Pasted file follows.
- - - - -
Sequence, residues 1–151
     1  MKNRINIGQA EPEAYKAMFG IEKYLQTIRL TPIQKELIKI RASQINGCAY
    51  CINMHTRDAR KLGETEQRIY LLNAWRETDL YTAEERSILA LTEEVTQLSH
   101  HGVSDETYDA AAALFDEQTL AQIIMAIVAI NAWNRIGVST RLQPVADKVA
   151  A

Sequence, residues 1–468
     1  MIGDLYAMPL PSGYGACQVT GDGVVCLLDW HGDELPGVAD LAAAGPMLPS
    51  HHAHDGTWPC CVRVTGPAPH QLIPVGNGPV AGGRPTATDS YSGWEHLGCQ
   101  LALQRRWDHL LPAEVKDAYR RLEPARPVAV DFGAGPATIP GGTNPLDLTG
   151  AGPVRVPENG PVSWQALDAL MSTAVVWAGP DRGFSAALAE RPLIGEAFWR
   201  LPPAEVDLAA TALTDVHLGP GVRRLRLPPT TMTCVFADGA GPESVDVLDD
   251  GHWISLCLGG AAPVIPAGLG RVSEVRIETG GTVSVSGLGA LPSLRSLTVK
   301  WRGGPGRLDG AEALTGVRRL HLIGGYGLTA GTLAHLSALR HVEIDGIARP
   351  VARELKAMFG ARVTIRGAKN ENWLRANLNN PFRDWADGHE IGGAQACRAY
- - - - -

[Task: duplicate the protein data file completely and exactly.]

Sequence, residues 1–151
     1  MKNRINIGQA EPEAYKAMFG IEKYLQTIRL TPIQKELIKI RASQINGCAY
    51  CINMHTRDAR KLGETEQRIY LLNAWRETDL YTAEERSILA LTEEVTQLSH
   101  HGVSDETYDA AAALFDEQTL AQIIMAIVAI NAWNRIGVST RLQPVADKVA
   151  A

Sequence, residues 1–468
     1  MIGDLYAMPL PSGYGACQVT GDGVVCLLDW HGDELPGVAD LAAAGPMLPS
    51  HHAHDGTWPC CVRVTGPAPH QLIPVGNGPV AGGRPTATDS YSGWEHLGCQ
   101  LALQRRWDHL LPAEVKDAYR RLEPARPVAV DFGAGPATIP GGTNPLDLTG
   151  AGPVRVPENG PVSWQALDAL MSTAVVWAGP DRGFSAALAE RPLIGEAFWR
   201  LPPAEVDLAA TALTDVHLGP GVRRLRLPPT TMTCVFADGA GPESVDVLDD
   251  GHWISLCLGG AAPVIPAGLG RVSEVRIETG GTVSVSGLGA LPSLRSLTVK
   301  WRGGPGRLDG AEALTGVRRL HLIGGYGLTA GTLAHLSALR HVEIDGIARP
   351  VARELKAMFG ARVTIRGAKN ENWLRANLNN PFRDWADGHE IGGAQACRAY